The trees in Waterlow Park are one of its glories. The Friends’ tree walk publication will take you around 14 of the most splendid examples. The tree collection has been built up over the long history of the park and the house and grounds that were there before. It contains native as well as rare and exotic specimens, for example, the strawberry tree below Lauderdale House. You can’t miss it, spreading its evergreen multi-stemmed umbrella over the parterres. But this is no ordinary strawberry tree. The Royal Botanical Society insists strawberry trees don’t fruit in these temperate northern climes. But ours does! It is extremely fragile but at the same time very inviting for a generation of young tree climbers with its low lying branches to cling on to. But please don’t be tempted!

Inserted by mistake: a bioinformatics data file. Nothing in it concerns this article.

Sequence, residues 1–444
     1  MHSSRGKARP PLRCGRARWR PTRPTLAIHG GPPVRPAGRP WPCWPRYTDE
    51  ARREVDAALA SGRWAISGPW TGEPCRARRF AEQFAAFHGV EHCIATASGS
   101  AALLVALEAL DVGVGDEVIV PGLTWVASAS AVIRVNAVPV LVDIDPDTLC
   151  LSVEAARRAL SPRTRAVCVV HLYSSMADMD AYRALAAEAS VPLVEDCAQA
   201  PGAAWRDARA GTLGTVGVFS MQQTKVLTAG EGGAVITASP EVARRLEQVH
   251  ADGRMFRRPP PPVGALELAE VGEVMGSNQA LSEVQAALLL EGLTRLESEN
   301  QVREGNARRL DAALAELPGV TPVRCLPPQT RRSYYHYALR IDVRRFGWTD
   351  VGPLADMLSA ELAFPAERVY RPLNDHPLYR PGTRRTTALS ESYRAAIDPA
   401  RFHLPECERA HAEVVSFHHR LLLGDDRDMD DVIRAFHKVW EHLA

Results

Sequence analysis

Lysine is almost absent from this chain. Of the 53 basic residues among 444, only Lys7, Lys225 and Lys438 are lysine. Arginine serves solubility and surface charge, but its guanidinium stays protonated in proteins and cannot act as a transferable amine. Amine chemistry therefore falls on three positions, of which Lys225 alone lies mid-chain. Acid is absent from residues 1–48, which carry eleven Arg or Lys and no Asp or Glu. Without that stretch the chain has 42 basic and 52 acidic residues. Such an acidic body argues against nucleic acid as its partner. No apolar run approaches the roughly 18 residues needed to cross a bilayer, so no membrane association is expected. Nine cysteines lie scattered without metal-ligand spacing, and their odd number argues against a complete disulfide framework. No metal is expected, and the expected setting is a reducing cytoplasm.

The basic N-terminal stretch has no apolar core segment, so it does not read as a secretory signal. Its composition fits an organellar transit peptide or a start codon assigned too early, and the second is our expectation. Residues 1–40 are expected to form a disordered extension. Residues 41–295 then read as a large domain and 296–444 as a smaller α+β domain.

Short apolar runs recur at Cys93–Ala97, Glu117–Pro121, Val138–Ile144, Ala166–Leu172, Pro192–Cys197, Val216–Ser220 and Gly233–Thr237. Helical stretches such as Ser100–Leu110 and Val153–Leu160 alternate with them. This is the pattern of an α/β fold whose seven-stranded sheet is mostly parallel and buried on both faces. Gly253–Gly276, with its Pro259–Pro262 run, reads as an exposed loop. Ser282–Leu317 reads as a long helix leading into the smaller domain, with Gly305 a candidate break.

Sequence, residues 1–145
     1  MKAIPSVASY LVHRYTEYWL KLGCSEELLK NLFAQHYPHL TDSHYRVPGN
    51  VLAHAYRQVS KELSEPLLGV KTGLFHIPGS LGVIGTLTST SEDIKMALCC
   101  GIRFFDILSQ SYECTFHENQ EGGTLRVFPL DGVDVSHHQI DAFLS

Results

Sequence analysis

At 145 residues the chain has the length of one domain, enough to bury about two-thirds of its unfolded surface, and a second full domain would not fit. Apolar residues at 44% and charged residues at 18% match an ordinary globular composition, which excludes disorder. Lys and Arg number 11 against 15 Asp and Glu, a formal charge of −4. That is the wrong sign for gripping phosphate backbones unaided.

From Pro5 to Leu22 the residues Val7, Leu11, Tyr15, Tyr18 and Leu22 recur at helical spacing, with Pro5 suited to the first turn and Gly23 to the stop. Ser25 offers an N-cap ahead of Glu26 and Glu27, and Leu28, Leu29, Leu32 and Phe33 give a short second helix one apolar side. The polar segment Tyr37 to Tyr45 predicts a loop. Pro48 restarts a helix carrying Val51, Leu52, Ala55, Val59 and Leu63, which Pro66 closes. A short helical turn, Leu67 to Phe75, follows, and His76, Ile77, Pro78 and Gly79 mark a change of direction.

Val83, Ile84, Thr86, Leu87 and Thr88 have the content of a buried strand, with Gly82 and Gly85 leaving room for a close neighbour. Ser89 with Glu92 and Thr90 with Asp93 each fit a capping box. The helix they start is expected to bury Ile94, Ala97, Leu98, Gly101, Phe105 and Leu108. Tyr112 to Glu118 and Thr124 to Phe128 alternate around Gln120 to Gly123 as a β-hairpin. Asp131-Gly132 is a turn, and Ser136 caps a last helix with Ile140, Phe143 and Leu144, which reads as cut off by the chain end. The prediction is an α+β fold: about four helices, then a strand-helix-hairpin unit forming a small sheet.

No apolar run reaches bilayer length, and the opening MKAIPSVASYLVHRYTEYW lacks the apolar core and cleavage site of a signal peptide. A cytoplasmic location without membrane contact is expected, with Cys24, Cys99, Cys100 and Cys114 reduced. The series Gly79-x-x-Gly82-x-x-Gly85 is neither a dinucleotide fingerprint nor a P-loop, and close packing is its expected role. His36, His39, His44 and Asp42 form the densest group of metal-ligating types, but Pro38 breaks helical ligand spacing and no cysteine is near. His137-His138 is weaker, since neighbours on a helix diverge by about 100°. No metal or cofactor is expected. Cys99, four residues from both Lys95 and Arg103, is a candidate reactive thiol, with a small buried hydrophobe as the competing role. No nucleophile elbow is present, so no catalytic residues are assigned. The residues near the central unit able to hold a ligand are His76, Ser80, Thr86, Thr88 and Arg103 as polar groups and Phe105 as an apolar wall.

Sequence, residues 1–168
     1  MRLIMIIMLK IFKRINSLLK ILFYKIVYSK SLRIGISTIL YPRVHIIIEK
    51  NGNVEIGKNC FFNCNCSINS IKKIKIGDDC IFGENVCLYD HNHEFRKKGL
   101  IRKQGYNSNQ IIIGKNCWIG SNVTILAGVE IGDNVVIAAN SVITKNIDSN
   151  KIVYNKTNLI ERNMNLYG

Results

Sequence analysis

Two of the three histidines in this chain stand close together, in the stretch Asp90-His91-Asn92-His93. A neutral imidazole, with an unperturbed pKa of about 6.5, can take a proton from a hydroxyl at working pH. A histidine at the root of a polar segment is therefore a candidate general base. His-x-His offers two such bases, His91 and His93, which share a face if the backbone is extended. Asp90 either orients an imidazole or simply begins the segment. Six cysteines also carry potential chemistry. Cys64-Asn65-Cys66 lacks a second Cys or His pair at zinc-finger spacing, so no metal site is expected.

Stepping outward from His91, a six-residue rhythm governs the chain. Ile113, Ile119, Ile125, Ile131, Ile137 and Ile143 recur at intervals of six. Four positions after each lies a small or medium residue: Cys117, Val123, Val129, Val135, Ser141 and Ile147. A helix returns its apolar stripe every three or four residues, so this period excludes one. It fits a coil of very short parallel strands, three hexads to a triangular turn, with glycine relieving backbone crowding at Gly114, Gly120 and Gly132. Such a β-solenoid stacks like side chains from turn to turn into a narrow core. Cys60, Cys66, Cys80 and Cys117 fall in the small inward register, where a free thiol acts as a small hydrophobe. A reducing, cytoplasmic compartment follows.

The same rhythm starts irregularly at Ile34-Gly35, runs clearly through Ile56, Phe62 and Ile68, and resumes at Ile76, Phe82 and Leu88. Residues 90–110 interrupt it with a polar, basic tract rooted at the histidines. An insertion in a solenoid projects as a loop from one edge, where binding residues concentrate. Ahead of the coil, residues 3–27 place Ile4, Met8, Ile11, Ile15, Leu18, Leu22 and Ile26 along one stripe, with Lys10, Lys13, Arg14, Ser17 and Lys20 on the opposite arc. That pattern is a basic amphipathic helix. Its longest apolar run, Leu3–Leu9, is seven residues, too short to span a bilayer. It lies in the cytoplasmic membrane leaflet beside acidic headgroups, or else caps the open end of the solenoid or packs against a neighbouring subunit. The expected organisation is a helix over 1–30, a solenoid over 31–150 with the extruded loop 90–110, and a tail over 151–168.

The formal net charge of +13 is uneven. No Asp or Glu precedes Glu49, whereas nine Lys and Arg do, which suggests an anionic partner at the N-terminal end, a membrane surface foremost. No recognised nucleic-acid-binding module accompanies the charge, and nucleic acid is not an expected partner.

The avenue of lime trees is another significant feature. This leads up from the Swains Lane Gate towards the former Fairseat House [now part of Channing School] owned by Sir Sydney Waterlow.
The park is also well-known for its herbaceous borders which present visitors with a riot of colour in summer – especially around the Eagle steps.
If you want to find out more about how the park staff recycle green waste and to download a handy guide to making your own compost, click here